If they farmed in a math textbook word problem, they’d be done in eight days. In real life, “that would never, never happen,” Shelley Barlow said wryly. Instead, they shoot for being done by Thanksgiving.
Barlow, who serves on the Virginia Farm Bureau Federation Cotton Advisory Committee, explained that cotton must be completely dry before it can be harvested. “Just a hint of a light rain” or a heavy dew, “and we have to stop everything.”
Additionally, equipment used to harvest cotton is complex and high-maintenance. The Barlows co-own theirs with another farm. “Between them and us, the cotton picker has to go over 1,000 acres” and be moved from one property to another, Barlow said.
Each cotton harvest day starts with maintenance work on the cotton picker, which needs fuel, grease and a thorough cleaning, and actual harvesting begins in the afternoon, when the cotton is thoroughly dry. That work can continue “until it gets damp again. And if it’s 11 at night, that’s when we stop,” Barlow said. The picker is cleaned at least once more during a day’s work.
Interviewed by phone on a morning when she, her husband and their son were working on the cotton picker, Barlow described it this way: “It’s dirty, it’s greasy and there’s a million ways to cut yourself.” Their picker will strip six rows of cotton at a time, each row feeding into units that grab the cotton bolls from the plants by means of many small spindles.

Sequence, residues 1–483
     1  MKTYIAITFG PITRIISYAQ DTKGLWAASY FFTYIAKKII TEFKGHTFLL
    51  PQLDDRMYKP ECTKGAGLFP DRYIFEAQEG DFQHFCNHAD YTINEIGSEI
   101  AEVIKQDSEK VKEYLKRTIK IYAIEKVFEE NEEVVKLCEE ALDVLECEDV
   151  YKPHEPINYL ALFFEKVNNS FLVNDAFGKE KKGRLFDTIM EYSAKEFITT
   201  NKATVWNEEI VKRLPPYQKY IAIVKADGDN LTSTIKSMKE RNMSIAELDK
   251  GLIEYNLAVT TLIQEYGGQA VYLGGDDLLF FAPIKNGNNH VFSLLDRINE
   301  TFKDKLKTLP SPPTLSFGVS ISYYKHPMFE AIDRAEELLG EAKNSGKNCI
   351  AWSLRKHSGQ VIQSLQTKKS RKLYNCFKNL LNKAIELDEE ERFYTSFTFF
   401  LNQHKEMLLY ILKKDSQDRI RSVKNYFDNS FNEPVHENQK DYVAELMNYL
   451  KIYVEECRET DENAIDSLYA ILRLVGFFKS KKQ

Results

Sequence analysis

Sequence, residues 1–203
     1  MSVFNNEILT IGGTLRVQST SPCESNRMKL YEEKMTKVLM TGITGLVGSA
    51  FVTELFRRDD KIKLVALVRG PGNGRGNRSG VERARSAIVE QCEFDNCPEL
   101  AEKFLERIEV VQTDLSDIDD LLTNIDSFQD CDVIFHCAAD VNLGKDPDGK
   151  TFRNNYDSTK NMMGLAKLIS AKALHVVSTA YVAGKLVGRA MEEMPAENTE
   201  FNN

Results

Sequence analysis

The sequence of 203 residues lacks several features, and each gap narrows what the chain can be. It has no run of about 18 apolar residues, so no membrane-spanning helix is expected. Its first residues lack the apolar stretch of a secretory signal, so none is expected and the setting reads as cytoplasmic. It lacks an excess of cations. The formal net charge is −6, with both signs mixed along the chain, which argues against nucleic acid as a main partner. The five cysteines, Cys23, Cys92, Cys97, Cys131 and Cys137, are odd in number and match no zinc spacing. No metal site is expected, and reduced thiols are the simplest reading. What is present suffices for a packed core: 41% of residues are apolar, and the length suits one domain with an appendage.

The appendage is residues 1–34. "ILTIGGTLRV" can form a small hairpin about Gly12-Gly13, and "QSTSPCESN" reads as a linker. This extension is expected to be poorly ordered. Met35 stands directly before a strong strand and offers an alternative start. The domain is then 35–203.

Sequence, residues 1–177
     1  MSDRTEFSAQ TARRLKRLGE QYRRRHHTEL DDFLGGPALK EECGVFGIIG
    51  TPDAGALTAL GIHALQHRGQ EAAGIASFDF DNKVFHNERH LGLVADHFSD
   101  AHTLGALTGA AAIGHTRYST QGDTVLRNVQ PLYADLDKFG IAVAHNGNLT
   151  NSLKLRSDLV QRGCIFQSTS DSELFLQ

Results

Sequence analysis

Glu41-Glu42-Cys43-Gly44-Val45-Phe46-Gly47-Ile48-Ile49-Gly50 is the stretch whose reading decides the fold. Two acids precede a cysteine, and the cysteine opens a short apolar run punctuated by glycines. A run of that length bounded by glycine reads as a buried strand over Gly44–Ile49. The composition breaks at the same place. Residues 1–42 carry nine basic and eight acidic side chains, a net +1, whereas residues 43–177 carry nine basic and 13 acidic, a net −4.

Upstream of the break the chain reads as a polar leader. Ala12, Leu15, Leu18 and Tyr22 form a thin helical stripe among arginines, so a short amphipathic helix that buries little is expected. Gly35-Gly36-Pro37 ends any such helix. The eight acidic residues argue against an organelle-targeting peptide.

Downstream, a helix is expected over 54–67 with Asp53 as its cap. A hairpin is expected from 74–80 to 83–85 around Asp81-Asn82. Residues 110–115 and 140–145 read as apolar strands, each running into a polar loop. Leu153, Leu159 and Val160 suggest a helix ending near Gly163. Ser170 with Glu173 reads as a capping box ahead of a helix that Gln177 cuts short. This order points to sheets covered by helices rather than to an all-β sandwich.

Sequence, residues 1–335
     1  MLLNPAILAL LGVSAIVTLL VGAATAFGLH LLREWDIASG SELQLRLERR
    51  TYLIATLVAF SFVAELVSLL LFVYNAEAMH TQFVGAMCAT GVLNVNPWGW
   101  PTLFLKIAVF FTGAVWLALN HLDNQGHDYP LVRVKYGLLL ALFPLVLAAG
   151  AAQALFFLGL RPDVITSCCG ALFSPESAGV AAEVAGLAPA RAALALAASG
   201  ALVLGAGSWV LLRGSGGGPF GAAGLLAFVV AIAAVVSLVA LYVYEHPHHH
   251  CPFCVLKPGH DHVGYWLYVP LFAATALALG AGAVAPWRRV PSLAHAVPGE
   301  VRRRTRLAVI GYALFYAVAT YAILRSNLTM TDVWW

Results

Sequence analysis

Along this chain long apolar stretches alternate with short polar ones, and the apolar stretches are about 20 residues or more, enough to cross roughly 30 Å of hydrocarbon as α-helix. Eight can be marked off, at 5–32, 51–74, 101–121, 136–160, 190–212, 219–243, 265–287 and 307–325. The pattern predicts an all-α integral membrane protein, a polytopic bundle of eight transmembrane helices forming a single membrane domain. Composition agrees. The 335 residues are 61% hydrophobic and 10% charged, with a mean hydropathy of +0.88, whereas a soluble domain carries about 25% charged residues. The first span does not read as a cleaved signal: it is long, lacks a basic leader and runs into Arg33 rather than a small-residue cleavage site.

The Barlows began harvesting cotton the second full week of October, having already harvested their corn crop, and they finished on Nov. 22. On days that the co-owners of the cotton equipment are using it, “if we have soybeans ready, we try to do them,” Barlow said. Her family also used to grow peanuts, which are harvested at the same time as cotton.
Essentially, harvesting field crops “cancels out any other activities” for several weeks each fall, Barlow said. “This is the only time we get paid every year, so we all know how important it is, and it’s the first priority. We use the term ‘relentless.’ It’s not that we want to hurry up and get it over with; it’s that if we get good conditions, we need to get it all.”
The longer a mature crop stays in the field, she explained, the greater potential for its quality to decline. And when the work is completed, “that’s a great day, just a feeling of accomplishment.”
The most recent Census of Agriculture found cotton grown on 267 Virginia farms, on a cumulative 89,000 acres. Cotton lint is the state’s 12th-ranked farm commodity in terms of revenue, and cottonseed is ranked 18th.